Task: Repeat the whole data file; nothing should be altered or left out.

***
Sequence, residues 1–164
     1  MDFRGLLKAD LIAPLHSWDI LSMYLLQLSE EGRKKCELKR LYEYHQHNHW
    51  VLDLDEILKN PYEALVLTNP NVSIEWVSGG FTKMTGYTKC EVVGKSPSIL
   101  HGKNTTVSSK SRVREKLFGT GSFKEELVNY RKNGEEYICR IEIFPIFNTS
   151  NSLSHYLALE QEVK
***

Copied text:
Sequence, residues 1–164
     1  MDFRGLLKAD LIAPLHSWDI LSMYLLQLSE EGRKKCELKR LYEYHQHNHW
    51  VLDLDEILKN PYEALVLTNP NVSIEWVSGG FTKMTGYTKC EVVGKSPSIL
   101  HGKNTTVSSK SRVREKLFGT GSFKEELVNY RKNGEEYICR IEIFPIFNTS
   151  NSLSHYLALE QEVK